James Moore: Standard Life’s conservative view wins friends south of the border

 

Outlook “In making our comments, we were not seeking to make a political comment.” If he can make more disingenuous statements like that with a straight face, then a political career may be ahead for David Nish, the chief executive of Standard Life.

You might have missed the fact that the life insurer actually came out with a rather good set of interims, because the company made sure the focus wouldn’t be on them.

A reiteration of its warning about Scottish independence was close to the top of emails ostensibly containing the results’ highlights sent to journalists yesterday.

So was the fact that Standard felt that it hadn’t received answers to questions about an independent Scotland’s currency, EU membership and the way it will handle financial regulation.

At a time when most big companies are doing everything they can to avoid getting entangled in the debate, Mr Nish and Standard Life jumped right into the middle of it. Which seems to have been their intention, despite what they’d have you believe.

Of course, Standard has long been a bastion of old-style Edinburgh Unionism, and conservatism (only sometimes with a small c). Its late chief executive, Scott Bell, was a vocal opponent of devolution and communicated that very clearly to his staff, and to anyone else who cared to listen.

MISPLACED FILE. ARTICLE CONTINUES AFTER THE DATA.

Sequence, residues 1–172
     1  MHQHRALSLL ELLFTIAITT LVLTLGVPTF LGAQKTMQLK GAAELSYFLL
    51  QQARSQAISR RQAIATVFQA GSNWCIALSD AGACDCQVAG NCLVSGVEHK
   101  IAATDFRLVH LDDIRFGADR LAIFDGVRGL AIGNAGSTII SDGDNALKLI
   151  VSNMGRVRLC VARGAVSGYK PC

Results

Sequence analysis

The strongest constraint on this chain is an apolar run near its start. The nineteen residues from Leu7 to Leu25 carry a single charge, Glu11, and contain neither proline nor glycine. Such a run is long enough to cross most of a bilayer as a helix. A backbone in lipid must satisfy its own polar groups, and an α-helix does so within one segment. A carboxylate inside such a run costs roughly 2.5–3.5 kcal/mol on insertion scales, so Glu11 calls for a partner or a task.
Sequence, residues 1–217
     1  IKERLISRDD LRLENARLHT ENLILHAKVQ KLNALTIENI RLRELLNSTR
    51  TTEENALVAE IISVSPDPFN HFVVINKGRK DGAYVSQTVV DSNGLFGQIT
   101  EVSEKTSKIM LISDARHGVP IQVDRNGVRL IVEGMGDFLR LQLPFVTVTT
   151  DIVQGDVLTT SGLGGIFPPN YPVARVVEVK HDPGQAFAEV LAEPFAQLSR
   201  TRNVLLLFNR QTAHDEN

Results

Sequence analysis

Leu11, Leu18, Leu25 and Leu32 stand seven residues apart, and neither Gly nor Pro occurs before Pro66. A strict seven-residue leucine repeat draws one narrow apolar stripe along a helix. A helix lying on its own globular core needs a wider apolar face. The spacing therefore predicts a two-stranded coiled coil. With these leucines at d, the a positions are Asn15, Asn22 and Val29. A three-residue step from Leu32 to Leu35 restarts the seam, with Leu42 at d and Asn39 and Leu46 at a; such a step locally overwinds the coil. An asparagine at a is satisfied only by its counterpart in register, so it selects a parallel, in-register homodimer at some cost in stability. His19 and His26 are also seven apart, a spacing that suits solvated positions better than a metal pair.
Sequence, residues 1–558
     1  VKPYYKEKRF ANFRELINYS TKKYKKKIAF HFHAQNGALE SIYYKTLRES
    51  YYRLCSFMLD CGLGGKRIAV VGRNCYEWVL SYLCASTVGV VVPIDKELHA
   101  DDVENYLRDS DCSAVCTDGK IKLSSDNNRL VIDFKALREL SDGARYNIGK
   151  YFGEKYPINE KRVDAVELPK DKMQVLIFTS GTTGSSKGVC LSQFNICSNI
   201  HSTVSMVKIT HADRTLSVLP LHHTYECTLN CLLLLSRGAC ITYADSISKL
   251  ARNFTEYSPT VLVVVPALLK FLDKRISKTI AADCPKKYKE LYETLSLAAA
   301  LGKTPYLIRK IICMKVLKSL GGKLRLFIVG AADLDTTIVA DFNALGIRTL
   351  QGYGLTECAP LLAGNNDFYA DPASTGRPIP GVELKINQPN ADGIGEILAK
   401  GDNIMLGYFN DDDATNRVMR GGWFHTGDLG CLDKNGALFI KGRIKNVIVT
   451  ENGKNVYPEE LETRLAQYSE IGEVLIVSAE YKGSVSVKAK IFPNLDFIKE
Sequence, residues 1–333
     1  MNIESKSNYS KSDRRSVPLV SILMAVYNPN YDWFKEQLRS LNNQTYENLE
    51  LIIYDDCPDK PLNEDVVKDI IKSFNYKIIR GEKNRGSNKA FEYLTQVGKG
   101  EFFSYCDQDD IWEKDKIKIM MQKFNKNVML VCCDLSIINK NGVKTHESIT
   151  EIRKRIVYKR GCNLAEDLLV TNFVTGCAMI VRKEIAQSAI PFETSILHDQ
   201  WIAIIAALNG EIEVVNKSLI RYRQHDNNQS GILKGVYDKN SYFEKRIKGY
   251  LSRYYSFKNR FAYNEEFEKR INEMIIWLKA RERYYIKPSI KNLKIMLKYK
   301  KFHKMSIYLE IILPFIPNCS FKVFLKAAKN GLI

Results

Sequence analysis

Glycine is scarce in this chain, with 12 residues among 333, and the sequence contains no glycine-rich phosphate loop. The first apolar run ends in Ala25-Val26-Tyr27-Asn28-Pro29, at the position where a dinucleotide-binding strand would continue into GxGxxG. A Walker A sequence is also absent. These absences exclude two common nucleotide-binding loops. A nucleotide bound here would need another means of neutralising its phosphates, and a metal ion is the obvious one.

But his successor, and the company, are playing a subtler game here than simply trying to persuade fellow Scots to vote “No”, by threatening to shift jobs south if they say “Yes”. 

For starters, the company needs to reassure its customers and shareholders during a period of uncertainty. If it loses too many toss-ups for mandates to English-based rivals, such as Legal & General or Prudential, then future results won’t look too good.

But that should have been covered when Standard first said it was making contingency plans to move businesses south in the event of a “Yes” vote several months ago.

Yesterday’s statements, coming so close to the vote, may actually have been aimed at a rather different audience.

However Standard’s words are perceived North of the border, they will go down very well in the South, and especially in Westminster. By banging the Unionist drum it will have won friends, and be owed favours, enhancing its prestige and clout in the process. That’s something the company’s canny – and well-connected – chairman, Gerry Grimstone, will have been well aware of. The after-hours chatter holds that certain life insurance bosses, notably the Pru’s Tidjane Thiam and Nigel Wilson at Legal & General, were called by the Chancellor, George Osborne, before he made the surprise decision to scrap the requirement for people to buy an annuity with their pension savings. If Mr Nish wasn’t on the “to call” list, he will be in the future.